Heating up the competitive market: Vedanta gears up for solar foray

October 10, 2015

MUMBAI: Billionaire Anil Agarwal’s Vedanta Group plans to enter solar power generation business in India by bidding for upcoming government projects, joining a growing club of big businesses foraying into clean energy space. The metals to mining multinational plans to create 500 megawatt capacity portfolio of solar power, people familiar with Vedanta’s plans told ET.

Agarwal’s nephew Pratik Agarwal, director for infrastructure business at the London-listed Vedanta Resources, is working on the go-to-market strategy for solar for the past year, they said. “Pratik Agarwal has the mandate to build the renewable energy,” one of them said. “He did look at some solar assets on the block but dropped the plan later as he found that the group can build better and more technologically advanced assets at a lower cost,” the person said. Vedanta Resources spokesperson had not responded to a detailed emailed questionnaire from ET as of press time Wednesday.

Vedanta is the latest in a growing list of conglomerates rushing to the solar energy market, joining the likes of Tatas, Reliance Industries, Aditya Birla Group, Adani group and Welspun group, even as the country is chasing an ambitious target of having solar power capacity of 100 gigawatt (GW) by 2022 from just 3 GW now. That would require investments of $200 billion, or Rs 13,50,000 crore, according to industry estimates.

‘Every conglomerate with presence in the energy business realise that they cannot ignore solar,” said Santosh Kamath, partner and head – renewable at KPMG. On Tuesday, Aditya Birla Group sold 49% stake in its renewable energy business to a unit of international private equity firm Abraaj Group for an undisclosed sum to build up to 1 GW of solar power and operate it. Renewable energy is expected to meet a crucial part of India’s energy needs in the next decade as the country has committed to significantly reduce the intensity of greenhouse gas emissions as part of its climate action plan announced last week.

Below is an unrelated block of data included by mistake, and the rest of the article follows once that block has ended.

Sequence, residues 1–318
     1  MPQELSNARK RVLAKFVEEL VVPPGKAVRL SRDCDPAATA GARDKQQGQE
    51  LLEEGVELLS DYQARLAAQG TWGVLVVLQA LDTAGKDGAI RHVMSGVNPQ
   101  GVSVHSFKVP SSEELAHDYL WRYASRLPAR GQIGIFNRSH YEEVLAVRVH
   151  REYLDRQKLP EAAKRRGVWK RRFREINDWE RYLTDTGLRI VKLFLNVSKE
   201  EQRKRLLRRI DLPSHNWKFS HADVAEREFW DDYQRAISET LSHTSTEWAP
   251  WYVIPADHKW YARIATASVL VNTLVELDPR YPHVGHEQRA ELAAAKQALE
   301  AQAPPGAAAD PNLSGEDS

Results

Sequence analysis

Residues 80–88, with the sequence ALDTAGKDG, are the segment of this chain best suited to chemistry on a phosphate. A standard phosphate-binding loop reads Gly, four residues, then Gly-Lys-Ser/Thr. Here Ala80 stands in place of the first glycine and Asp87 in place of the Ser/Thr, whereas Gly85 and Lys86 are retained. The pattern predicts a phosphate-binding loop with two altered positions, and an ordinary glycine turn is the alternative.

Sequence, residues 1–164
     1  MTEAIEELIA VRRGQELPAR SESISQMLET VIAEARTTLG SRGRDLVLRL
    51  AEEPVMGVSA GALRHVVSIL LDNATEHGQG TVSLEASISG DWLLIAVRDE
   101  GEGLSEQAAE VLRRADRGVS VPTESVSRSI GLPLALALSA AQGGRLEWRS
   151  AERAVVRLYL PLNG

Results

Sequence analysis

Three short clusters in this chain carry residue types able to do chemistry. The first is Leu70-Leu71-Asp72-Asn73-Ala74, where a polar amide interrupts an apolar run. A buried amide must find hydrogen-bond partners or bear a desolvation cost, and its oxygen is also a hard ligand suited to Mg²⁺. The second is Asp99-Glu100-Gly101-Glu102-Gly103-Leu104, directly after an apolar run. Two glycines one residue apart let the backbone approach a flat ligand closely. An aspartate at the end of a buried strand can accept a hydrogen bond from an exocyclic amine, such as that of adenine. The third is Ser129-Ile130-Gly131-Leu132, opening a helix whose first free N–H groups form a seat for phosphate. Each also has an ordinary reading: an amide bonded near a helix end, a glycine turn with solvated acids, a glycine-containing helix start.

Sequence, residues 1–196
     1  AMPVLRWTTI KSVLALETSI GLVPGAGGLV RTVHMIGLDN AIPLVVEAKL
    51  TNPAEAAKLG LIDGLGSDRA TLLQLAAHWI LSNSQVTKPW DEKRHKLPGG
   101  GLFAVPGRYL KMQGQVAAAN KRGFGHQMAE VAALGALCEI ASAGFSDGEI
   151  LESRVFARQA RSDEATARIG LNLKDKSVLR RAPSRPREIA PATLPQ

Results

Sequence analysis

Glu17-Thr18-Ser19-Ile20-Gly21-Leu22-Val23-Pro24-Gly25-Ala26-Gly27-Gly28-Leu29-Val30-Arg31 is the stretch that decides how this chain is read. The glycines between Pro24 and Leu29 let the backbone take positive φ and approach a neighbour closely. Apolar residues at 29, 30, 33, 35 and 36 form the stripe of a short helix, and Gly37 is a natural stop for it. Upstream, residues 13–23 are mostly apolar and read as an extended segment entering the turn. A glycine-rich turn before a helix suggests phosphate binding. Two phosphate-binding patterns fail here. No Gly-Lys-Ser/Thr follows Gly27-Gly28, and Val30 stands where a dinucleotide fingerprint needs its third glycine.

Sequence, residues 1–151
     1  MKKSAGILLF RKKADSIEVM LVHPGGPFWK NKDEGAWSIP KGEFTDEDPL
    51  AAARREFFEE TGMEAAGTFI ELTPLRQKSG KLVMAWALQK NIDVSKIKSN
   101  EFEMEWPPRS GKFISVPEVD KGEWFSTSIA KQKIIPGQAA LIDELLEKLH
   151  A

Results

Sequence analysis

As part of its intended goals announced ahead of the United Nations’ Paris Climate Summit in December, India has set a target of installing 175 GW of renewable energy capacity by 2022 and increasing its share of non-fossil based energy to about 40% by 2030.

Vedanta, with interest in mining and oil exploration, is no longer keen to expand coal-fired power capacity. Private energy producers have been disgruntled by the long and costly clearances process to acquire coal mines and set up thermal power plants and many are now shifting focus to solar which can be built in a year.

According to KPMG, solar energy will make up for 15% of India’s power consumption by 2025. Consultants, however, said the market is getting competitive with lower entry barriers but with tighter returns. “The space is getting competitive and barriers to entry are low…. returns are going to be tight in the next two years,” Kamath of KPMG said. “Once scale improves some level of consolidation might happen.”

Kuljit Singh, partner for Infrastructure practice at EY, said, “The success of conglomerates will depend on how cheap they can source both equipment and capital and build without compromising on quality.”

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